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Wednesday, February 16, 2011

The Kids Arrive!

Tuesday was my first day working in the garden with the kids and it was absolutely fantastic!
The lesson of the day sought to get each grade level to think like scientists. "What do plants need to grow? Lets go find out!" We looked around at all the plants and decided that plants needed soil, water, and sunshine. Depending on the age group- we really drilled it in Water! Soil! Sunshine! Water! Soil! Sunshine!

"How do plants drink water? They don't have a mouth," one kinder-gardener asked.
"Through their root of course!"
"Well... um.... Miss Shannon.... Whats a root?"
We got into a whole conversation about how for every green thing she saw in the garden, there was a root system that went down into the ground. I used sedge-weeds to show her the root systems. We talked about how the roots were a little like tongues drinking up the water and the plant-food in the soil. She thought that was SO cool.
Another girl, in third grade, was REALLY interested in how plants grow. I spent close to 10 minutes with her discussing the structure, flowering, and fruiting of the papaya tree. She said "So, if you like plants and all that, does that mean you have to like science too? cause I don't like science, but I think I like this garden stuff." We talked about how science was in all things: human bodies, stars, plant cells, soil, fingernails, everything. We talked about how science was really just being curious and having questions. She said "Well, I have lots of questions."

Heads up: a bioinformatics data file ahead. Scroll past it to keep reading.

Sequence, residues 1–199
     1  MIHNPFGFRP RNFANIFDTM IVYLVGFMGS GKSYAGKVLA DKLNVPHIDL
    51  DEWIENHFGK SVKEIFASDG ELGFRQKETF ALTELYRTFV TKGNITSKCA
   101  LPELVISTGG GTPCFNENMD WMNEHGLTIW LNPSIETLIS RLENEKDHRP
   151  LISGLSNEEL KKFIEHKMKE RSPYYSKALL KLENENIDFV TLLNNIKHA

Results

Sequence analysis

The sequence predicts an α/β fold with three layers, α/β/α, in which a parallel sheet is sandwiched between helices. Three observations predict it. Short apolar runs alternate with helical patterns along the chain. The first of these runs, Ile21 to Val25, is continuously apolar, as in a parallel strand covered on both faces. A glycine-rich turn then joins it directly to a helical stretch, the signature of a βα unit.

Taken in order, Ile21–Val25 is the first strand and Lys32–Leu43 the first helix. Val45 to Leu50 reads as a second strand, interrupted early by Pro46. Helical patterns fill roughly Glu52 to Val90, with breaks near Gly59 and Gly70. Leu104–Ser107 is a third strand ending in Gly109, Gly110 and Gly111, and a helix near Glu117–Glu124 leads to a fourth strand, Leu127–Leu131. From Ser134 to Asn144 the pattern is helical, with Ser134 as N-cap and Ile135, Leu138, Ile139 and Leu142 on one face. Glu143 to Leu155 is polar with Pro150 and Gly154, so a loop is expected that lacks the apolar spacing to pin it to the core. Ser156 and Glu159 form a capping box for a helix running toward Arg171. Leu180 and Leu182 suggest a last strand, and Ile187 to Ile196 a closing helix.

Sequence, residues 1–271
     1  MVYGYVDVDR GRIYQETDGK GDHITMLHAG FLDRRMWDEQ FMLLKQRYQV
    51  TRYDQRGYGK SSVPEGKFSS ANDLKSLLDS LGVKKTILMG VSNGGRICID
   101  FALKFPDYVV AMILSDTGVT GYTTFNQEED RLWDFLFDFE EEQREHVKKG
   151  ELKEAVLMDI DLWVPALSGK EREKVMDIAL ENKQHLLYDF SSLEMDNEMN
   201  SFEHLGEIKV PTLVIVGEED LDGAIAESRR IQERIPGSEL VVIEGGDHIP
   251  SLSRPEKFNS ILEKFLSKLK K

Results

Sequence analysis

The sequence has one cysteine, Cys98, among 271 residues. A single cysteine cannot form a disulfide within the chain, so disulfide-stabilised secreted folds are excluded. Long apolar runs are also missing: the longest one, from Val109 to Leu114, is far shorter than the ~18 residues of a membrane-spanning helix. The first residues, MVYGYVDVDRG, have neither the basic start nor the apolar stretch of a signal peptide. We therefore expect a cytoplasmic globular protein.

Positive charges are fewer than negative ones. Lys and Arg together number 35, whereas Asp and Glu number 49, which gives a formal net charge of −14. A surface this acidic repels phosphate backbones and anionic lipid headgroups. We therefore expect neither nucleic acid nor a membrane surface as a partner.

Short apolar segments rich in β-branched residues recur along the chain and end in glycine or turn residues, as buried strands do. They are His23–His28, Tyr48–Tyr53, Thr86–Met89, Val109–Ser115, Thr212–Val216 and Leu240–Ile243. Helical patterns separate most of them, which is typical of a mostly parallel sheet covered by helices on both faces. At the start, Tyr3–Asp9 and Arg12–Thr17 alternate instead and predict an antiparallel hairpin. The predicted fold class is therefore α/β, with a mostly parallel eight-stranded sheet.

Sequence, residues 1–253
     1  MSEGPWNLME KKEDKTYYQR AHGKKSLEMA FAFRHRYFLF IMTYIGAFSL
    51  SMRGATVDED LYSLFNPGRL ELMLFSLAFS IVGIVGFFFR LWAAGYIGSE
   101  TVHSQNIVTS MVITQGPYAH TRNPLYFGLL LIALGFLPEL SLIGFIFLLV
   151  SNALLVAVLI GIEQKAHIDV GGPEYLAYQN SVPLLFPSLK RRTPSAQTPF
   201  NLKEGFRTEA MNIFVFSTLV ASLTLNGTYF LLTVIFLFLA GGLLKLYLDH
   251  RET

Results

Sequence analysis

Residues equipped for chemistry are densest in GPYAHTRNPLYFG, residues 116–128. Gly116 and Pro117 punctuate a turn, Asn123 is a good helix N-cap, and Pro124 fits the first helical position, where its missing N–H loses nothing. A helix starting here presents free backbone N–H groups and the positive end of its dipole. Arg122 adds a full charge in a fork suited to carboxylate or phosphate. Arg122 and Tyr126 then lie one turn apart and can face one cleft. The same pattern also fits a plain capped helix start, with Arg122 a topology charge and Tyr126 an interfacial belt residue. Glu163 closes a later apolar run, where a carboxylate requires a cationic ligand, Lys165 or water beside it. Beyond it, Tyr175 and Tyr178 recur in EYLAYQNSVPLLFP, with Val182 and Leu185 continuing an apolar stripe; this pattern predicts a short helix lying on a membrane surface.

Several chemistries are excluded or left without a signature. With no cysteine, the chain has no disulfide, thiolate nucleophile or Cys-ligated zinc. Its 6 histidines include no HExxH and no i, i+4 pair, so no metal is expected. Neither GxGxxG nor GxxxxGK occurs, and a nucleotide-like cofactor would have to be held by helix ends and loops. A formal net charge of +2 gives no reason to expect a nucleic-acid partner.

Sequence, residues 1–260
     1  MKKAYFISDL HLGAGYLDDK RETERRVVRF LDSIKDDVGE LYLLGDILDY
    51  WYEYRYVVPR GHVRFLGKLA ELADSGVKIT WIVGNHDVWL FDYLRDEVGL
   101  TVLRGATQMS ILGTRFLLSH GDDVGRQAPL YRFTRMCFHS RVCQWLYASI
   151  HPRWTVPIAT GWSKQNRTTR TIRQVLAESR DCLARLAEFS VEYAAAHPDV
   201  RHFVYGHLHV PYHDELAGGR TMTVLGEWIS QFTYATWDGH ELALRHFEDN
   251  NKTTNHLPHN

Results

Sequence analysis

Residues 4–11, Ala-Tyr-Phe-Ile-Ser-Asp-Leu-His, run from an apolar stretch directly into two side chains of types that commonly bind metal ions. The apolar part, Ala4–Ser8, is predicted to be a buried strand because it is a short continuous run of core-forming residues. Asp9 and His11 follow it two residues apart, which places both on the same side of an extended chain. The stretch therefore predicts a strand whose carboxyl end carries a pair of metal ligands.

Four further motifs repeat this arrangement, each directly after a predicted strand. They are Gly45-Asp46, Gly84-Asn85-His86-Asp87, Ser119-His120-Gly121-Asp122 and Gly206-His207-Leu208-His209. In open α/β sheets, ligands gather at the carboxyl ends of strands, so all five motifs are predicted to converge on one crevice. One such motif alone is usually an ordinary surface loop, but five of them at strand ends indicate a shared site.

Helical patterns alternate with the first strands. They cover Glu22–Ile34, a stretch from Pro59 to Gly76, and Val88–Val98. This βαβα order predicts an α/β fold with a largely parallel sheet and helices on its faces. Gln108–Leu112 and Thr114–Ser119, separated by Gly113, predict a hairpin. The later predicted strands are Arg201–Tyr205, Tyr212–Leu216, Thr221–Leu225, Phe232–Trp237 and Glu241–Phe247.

"Then you're a perfect candidate to be a scientist."
"Cooooooool" She responded.
"The cool thing about science," I said "Is not always knowing the right answers, but asking the right questions. You're really good at asking the right kind of questions, I think you've got what it takes to be a scientist."
"Yeah, I've been thinkin' that too."

When we asked what some of the garden rules should be, some of the younger kids had some really great ideas: "don't stand in front of their sunlight", "don't do karate on them", "don't hug them too tight." I didn't think that my work in the garden would get me thinking about government spending and policy so quickly, but wouldn't it be great if we re-directed FCAT money into lowering the student/teacher ratio in the classes? There seemed to be a direct link between number of students and the stress this causes for teachers. I think making the student-teacher ratio a bigger priority would have a much higher impact on students than test-taking. Just an idea though. What do you think?

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